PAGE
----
Rule of thumb
A good rule of thumb would be that the more traditional your industry is, the less inclined you should be to start mouse tracking.
Even if the industry you're in is supportive (or at least not extremely opposed) to mouse tracking, you will still need to consider whether your organization is ready for it. Here the online maturity level comes in handy. It describes the level that an organization has reached in its online ventures.
Are you data-driven?
For instance, an organization that is already on its way to take data-driven decisions might be well-suited to add mouse tracking data to their mix of sources.
On the other hand, an organization that is still tightly controlled by the people in the boardroom will probably not gain much from the tracking. After all, their findings will probably not lead to many changes in the course of the organization anyway. Similar logic applies to a company that is running a website that hasn't been updated for several years; they probably aren't ready yet and are better off focussing their attention elsewhere for now.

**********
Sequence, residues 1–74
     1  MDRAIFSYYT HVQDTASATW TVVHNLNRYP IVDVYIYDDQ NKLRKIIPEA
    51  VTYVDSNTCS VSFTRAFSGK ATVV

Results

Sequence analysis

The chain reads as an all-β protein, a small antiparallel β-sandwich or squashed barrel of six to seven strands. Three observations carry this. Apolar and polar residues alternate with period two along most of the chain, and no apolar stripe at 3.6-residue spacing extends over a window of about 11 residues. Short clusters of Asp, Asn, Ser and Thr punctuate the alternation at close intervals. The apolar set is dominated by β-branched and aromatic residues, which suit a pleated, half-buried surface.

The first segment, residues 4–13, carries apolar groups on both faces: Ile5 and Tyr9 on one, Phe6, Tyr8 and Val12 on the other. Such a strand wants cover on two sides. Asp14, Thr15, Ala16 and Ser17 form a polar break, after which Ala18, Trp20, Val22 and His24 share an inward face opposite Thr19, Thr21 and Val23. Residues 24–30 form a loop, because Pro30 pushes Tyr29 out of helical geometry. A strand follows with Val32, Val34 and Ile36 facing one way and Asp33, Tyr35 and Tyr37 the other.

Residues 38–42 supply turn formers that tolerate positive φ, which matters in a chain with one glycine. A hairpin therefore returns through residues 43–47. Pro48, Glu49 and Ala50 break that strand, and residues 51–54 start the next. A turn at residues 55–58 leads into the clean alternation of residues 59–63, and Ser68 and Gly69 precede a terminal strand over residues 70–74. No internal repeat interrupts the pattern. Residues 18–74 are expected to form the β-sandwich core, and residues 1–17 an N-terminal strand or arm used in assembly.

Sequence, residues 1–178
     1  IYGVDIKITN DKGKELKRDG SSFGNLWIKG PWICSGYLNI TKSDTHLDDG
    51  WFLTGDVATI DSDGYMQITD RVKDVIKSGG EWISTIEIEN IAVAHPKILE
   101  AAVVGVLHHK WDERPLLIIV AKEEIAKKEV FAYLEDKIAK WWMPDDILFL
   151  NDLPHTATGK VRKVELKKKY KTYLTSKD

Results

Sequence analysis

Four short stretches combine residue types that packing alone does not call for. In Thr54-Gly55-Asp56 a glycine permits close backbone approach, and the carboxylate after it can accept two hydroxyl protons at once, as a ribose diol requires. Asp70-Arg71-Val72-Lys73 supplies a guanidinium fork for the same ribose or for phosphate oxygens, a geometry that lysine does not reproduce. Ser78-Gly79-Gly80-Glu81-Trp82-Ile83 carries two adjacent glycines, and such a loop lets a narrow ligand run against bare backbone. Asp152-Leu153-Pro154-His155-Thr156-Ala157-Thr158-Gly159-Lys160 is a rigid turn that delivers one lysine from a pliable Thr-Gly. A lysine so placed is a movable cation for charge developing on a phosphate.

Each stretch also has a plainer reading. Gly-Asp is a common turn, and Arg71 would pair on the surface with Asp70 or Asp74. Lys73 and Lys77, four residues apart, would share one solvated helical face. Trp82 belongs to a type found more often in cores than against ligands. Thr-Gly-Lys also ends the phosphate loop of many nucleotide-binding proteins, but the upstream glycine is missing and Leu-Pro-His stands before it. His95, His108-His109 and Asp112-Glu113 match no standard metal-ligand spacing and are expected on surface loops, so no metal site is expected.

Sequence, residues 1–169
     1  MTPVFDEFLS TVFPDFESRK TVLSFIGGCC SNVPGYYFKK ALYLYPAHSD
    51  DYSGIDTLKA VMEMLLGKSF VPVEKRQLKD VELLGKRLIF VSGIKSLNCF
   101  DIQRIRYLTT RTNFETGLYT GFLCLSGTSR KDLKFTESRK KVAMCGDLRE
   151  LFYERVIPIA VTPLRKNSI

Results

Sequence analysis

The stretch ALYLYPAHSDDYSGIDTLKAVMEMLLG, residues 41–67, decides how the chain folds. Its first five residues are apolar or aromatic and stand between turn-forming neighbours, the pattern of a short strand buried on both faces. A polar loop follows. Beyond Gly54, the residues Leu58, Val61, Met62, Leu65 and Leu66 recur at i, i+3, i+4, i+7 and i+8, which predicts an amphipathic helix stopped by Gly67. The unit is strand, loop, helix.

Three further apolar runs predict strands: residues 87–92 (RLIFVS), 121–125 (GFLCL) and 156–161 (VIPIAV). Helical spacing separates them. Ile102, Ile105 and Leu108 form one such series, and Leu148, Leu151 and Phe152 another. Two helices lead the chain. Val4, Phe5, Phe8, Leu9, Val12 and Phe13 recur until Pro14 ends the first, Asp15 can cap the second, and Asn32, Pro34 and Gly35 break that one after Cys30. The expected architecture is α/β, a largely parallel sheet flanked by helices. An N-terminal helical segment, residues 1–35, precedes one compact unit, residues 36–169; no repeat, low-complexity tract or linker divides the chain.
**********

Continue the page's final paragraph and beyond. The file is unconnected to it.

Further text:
Which findings will it deliver?
✓ Know where your visitors (don't) click
If a heatmap shows you that many visitors are clicking on something that looks like a button but isn't, you should change this. Either by linking the button to its expected destination or changing the looks of this element so that visitors won't mistake it for a button anymore. Similar findings can be derived when you determine that people aren't click on something you want them to click on.
✓ Know where visitors (don't) move